Vaccines are a potentially powerful tool to directly prevent and limit NiV outbreaks in Bangladesh and beyond, but their role should be evaluated in light of the ecological complexities of NiV transmission, including deforestation, human-bat interactions, and human-to-human transmission. Interventions to reduce the burden of NiV in Bangladesh could target different levels of transmission, including protecting raw date palm sap from bat secretions through skirts/covers on collection pots, boiling sap to kill live virus particles, and improving infection control protocols in Bangladesh’s hospitals.  Long-term strategies to limit the environmental patterns likely to contribute to NiV spillover from bats to humans, such as forest fragmentation, should also be considered.  These strategies may involve additional cultural and economic hurdles, but could nonetheless effectively complement vaccine development.
With the announcement of CEPI, a human NiV vaccine could be on the horizon. The international community has the responsibility to evaluate its use and, if established, to guide its implementation, with consideration of the human-animal-environment interface and the One Health perspective. In addition, NiV dynamics in bats and other animals need to be further investigated, including the possibility of an animal vaccine. This could both reduce the burden of Nipah virus in Bangladesh and leave the global health community better prepared for a potential outbreak than it was during the recent Ebola crisis.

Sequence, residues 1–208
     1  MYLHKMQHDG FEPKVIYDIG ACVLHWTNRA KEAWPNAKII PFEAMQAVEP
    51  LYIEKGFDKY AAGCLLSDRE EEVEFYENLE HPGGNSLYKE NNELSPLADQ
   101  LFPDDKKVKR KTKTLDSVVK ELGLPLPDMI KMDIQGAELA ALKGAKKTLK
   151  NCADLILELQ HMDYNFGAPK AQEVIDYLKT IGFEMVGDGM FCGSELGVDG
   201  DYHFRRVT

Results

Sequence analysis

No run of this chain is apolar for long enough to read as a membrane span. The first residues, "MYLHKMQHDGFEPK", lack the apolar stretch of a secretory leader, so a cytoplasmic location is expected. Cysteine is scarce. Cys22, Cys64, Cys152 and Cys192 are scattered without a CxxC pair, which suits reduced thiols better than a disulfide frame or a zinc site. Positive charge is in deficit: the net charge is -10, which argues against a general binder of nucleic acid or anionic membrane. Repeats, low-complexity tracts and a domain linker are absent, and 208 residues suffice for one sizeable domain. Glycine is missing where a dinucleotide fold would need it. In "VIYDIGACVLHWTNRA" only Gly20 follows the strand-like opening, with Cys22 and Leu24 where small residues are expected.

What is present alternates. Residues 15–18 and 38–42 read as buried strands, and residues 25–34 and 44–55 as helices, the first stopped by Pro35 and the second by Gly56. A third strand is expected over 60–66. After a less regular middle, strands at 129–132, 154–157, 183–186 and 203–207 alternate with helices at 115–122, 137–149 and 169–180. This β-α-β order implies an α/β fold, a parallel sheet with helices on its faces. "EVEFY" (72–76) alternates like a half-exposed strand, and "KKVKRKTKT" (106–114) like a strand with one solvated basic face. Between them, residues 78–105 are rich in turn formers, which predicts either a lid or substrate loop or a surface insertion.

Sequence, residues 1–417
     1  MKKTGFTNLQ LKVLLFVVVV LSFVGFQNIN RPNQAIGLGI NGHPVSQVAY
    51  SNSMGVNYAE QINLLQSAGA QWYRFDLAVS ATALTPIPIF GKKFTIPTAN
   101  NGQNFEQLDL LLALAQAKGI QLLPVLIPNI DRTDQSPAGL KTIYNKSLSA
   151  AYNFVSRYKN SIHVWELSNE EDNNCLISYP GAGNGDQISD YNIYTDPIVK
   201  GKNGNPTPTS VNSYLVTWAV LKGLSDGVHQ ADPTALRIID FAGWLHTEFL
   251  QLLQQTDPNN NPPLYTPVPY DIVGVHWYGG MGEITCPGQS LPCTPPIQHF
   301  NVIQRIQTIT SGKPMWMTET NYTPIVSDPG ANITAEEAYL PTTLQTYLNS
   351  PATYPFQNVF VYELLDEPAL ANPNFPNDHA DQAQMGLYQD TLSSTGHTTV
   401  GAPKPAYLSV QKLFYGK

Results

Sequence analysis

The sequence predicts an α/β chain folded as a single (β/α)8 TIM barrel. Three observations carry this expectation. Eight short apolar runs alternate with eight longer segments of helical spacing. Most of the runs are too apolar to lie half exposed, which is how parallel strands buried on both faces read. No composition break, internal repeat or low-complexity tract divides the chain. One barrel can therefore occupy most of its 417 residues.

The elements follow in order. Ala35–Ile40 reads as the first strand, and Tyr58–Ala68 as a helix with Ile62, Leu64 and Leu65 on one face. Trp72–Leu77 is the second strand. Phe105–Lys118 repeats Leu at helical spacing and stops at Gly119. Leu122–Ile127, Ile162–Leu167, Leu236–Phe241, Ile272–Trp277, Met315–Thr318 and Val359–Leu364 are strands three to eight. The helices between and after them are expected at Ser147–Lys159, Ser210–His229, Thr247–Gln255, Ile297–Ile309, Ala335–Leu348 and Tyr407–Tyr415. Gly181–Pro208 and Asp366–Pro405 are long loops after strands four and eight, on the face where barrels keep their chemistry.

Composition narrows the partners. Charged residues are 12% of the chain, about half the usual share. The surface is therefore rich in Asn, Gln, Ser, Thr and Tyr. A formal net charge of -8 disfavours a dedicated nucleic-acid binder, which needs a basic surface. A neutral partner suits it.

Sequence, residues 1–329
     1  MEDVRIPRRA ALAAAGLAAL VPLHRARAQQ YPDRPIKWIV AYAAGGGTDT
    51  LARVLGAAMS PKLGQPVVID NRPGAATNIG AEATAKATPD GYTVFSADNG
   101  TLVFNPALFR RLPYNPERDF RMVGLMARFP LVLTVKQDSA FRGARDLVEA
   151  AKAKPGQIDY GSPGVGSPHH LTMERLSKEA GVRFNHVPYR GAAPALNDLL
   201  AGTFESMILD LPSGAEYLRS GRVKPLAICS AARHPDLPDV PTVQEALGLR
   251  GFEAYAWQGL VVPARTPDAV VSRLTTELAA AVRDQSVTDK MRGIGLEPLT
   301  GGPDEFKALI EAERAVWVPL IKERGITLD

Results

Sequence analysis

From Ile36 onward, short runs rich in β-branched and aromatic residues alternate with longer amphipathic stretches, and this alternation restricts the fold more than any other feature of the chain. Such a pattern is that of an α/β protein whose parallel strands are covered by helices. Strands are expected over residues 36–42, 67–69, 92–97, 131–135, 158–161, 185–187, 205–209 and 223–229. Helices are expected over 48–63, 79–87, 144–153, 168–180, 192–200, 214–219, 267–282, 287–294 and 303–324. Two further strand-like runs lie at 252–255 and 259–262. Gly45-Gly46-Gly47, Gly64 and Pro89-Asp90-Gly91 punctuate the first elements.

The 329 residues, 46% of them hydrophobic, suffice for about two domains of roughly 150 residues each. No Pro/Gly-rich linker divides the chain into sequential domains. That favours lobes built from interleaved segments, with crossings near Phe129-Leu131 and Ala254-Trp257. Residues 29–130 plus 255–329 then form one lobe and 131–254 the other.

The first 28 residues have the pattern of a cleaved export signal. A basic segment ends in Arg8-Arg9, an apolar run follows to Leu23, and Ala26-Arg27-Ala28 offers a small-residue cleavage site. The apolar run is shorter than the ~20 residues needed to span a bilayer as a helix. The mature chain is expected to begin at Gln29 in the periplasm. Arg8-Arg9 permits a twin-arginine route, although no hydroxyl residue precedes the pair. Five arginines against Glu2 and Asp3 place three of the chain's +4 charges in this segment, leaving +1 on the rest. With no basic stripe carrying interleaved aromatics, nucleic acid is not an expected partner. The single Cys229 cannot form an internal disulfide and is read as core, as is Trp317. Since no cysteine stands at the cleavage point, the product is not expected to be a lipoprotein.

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About the authors:
Rebecca Conway-Jones is a second year medical student at the University of Oxford and the Treasurer of Oxford Medical Students’ Society. Prior work at a vaccine clinic piqued an interest in immunology and she is now working on a research project on malaria vaccinology at the Jenner Institute.
Matt Dickinson is a practising veterinary surgeon and DPhil student in Clinical Medicine at Oxford, working on innate HIV-1 immunology in acute infection. He has a particular interest in emerging viral diseases of humans and animals, and comparative medicine.
Emma Glennon is a PhD student in the Department of Veterinary Medicine at the University of Cambridge, where she studies the ecology of bat-borne viruses. She is also secretary of the Cambridge University Science and Policy Exchange and is interested in engagement between scientists, policymakers and their communities.
Cristiana Vagnoni is a Neuroscience DPhil student at the University of Oxford and the chair of the Oxford Branch of the British Science Association. She is interested in promoting the dialogue between science and society, not only through public engagement, but also via policymaking.
Aniruddha Voruganti is a first year undergraduate medical student at the University of Oxford. Having lived in India for nearly all his life, he has founded student-run charity initiatives for education, and is very interested in making a difference to primary healthcare in developing countries.